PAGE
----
Global rating of the mixtape: 4 stars
Dark, cadenced instrumentals with a soft soul touch, the Murph Derty and Zo (of the Detroit I Dash group)’s avant-gardist use of their sounds, their rapid flow and constant syllable slapping will definitely conquer a hip hop loving audience. Murph Derty hails from Sidney, Australia. Zo and Murphy’s complementary know how reveals the listeners a brand new dimension of handling words and instrumentals- darkness, offensiveness, a scurrilous mind is astutely mixed up with a soft note that has a refreshing dew effect.
The dynamic duo is marching on, introducing Monsta Music to the world. Two lyrical soldiers who carry the power of a whole army are ready to fire hot syllables out of their mouths. Attention, please! Both emcees are ready to rip it off.
Face Off is sharply written. Electric guitar sounds offer a beautiful, opposing contrast to the harsh keyboard sounds. Our emcees are ready to conquer the world. Follow them into their crazy ride.
U Gone Love Me has some Dirty South accents. Piano, keyboards, violins introduce a dramatic dimension into the sounds. Two artists won’t compromise their style to please anybody.
I Don’t Dance combines some repetitive techno accents with a Dirty South flavor…groupies get smashed in that one! I liked it. Well done.
Pimping gently contrasts with Bodyguard’s dark notes. Light piano notes, some ironic accents make the Pimping song an ear delight.
Cinema is made of soulful guitar sounds combined with violins notes. Rhythmic beats truly enhance the song in which both emcees lyrically excel.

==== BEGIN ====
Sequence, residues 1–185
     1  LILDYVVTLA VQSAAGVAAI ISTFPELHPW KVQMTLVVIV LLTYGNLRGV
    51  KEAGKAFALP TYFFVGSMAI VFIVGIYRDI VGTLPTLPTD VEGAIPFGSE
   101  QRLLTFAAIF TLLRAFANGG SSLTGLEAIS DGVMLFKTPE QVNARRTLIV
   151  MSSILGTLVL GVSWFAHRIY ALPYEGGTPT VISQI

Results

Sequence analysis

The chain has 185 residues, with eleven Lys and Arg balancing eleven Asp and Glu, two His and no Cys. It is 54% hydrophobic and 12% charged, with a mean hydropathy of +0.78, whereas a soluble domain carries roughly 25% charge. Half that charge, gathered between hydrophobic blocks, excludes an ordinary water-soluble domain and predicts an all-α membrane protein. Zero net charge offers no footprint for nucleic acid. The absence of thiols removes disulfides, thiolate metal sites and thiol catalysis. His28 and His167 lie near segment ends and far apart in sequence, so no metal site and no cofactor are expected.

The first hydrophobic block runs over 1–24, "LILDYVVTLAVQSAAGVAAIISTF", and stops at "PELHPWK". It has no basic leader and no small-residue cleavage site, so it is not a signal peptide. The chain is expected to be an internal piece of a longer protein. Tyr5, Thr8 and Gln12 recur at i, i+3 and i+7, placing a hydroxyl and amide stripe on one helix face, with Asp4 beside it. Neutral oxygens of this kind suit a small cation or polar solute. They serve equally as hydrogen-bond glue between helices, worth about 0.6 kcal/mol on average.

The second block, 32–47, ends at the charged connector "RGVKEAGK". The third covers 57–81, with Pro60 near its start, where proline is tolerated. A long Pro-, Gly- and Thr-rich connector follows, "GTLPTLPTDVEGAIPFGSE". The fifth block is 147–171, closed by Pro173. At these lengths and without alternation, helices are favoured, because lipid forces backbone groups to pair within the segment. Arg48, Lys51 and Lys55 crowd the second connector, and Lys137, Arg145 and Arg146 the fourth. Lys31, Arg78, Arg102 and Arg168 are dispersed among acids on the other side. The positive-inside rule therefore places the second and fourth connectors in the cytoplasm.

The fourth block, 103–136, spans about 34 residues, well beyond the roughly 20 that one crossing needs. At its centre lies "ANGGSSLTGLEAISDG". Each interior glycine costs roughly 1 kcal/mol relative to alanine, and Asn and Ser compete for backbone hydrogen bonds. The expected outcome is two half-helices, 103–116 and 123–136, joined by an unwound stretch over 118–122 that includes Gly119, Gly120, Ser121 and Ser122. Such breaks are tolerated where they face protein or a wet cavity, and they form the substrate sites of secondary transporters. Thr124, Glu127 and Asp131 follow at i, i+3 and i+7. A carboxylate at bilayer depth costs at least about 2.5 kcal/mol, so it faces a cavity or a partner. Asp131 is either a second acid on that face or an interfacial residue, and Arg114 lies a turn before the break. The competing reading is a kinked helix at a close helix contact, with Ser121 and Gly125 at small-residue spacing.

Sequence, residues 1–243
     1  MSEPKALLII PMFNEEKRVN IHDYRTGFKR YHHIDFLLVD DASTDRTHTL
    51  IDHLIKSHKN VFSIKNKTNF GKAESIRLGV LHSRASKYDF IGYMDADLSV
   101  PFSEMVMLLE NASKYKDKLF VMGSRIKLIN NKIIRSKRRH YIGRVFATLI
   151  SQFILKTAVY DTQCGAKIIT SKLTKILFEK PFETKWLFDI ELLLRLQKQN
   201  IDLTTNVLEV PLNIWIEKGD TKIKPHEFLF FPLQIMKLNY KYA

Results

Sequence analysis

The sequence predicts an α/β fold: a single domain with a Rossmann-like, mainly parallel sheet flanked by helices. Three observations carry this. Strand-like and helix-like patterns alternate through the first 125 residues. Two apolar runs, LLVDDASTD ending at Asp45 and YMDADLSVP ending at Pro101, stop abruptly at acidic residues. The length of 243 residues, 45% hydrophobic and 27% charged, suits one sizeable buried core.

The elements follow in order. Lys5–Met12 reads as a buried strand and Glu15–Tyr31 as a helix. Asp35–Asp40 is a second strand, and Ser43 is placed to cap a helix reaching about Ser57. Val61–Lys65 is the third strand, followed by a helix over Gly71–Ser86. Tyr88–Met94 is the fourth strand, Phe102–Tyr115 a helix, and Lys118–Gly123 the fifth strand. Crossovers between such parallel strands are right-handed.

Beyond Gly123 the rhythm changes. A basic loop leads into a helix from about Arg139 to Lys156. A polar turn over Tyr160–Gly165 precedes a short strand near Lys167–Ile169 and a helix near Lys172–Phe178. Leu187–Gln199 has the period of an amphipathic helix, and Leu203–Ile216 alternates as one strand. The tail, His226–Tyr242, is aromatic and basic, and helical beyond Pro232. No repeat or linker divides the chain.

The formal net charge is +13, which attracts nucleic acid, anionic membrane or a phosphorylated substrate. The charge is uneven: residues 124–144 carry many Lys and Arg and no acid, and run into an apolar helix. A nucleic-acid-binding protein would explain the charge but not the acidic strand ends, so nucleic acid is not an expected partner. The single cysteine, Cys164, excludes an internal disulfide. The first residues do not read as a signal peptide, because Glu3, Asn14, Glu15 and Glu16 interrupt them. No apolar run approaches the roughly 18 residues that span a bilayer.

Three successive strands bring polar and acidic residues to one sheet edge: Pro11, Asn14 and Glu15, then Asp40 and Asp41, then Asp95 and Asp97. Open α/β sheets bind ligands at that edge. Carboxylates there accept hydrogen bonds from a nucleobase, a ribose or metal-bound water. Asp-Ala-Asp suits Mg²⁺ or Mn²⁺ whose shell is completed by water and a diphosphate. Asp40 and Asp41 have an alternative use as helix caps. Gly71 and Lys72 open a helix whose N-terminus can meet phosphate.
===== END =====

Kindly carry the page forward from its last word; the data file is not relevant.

Instrumentally, I’m A Jerk is probably the most surprising song of the mixtape. Repetitive sounds on mad Zo’ lyrics: have a listen and don’t be afraid to discover something innovative-instrumentally speaking. It is proof that the rap game is constanly changing, requiring agood adaptability from the listener.
Among the songs I really appreciated, count Strung Out. Enjoy the depth of the instrumentals: yo gotta dig the piano-violin-bass-drum beat intelligent combination.
I’d also recommend all of you Good Die Young: enjoy the astute wordplays and the hammering piano background. Reminescing hip hop’s lost soldiers, the song reveals both artists’ know how.
Globally speaking Politics has a lot to offer to hip hop loving ears. Because of its yet unexplored musical techniques, it might surprise some of you, but don’t let this element distance you from good quality hip hop.
Copyright by Isabelle Esling
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